Returning to our discussion of King’s letter, I said that effective logos, the substance of any argument, requires more than presenting evidence in support of a claim, that it requires leading the reader through the evidence toward a conclusion, using deductive and inductive methods of reasoning.  To begin demonstrating the inter-connectedness of the deductive and inductive processes, I referred them to three sentences on the board, quoted below, each extracted from King’s fifteenth paragraph, the one alluding to Martin Buber and Paul Tillich and their condemnation of segregation as sinful.  Together, the three sentences, I said, represent a syllogism, a three-part deductive statement:

Major Premise: All laws that degrade the human personality are unjust.

Minor Premise: Segregation laws degrade the human personality.

Conclusion: Segregation laws are unjust.

All syllogisms, I explained, begin with a major premise, a generalization about a class or genus—all laws—a premise that King rightly assumes his primary audience, the clergymen, will accept without challenge.  The minor premise, I continued, then makes a generalization about a member or species of that group, “segregation laws,” asserting that they “degrade the human personality”; therefore, the deductive logic runs, if the major premise is true, and if the minor premise is true, then it necessarily follows that all segregation laws are unjust.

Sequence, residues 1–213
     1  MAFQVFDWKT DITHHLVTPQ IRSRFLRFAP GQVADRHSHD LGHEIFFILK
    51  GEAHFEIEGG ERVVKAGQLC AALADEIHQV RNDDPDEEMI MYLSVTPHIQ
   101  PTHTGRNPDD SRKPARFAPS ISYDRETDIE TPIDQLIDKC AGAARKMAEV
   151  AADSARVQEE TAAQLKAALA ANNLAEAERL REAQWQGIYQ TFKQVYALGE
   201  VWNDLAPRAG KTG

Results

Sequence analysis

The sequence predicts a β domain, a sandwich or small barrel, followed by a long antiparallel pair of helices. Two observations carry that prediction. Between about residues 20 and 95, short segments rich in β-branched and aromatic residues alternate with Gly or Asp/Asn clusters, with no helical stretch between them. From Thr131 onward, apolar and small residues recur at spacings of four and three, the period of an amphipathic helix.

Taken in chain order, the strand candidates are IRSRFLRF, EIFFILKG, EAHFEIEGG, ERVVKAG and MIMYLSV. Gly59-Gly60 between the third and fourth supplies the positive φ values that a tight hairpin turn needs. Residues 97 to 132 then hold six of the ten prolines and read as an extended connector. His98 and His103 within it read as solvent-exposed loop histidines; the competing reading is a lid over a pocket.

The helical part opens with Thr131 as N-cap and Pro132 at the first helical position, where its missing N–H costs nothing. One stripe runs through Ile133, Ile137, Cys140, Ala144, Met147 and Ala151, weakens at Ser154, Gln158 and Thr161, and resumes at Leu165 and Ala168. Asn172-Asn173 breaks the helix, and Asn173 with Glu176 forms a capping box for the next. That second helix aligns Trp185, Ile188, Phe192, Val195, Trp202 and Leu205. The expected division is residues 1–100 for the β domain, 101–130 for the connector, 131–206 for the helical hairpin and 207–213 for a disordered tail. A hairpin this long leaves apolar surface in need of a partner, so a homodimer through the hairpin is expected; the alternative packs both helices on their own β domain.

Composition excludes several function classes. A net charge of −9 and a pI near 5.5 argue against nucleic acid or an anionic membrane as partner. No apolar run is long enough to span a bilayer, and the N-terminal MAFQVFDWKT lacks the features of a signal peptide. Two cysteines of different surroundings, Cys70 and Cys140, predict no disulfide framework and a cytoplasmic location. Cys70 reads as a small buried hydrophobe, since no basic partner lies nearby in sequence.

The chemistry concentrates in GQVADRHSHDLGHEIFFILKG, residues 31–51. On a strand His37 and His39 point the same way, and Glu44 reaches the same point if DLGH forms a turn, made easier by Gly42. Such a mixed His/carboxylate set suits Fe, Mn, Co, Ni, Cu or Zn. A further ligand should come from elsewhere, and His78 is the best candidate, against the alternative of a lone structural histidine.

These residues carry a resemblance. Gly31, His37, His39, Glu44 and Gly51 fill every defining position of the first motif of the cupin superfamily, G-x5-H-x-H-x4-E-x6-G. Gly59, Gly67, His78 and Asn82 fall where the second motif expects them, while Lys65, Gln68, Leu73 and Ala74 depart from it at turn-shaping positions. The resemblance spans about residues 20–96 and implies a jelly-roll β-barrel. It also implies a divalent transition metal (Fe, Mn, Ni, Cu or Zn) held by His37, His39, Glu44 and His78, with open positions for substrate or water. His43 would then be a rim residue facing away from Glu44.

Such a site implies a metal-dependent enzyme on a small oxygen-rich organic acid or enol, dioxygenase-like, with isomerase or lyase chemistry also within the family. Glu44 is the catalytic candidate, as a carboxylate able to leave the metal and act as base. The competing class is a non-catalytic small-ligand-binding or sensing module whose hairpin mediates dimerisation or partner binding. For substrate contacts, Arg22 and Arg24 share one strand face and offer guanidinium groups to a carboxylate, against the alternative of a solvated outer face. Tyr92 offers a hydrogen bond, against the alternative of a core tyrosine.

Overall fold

The Logic of Deductive and Inductive Reasoning (Source: TOKnow-11)

“But where,” I continued, “has King provided his proof—beyond these allusions to Jewish and Christian theologians—that supports the minor premise, that segregation laws ‘degrade the personality’?”  Hearing no response, I referred the students to King’s fourteenth paragraph, where King presents abundant and passionate evidence that “segregation laws degrade the personality,” and he does so, I explained, by using inductive logic, which begins with an hypothesis, then moves through a series of experiments or examples to confirm or contradict the hypothesis.  I then referred the students to the inductive outline of King’s fourteenth paragraph, which answers the clergymen’s question about waiting for freedom and, in so doing, tests the hypothesis about the degrading effect of segregation: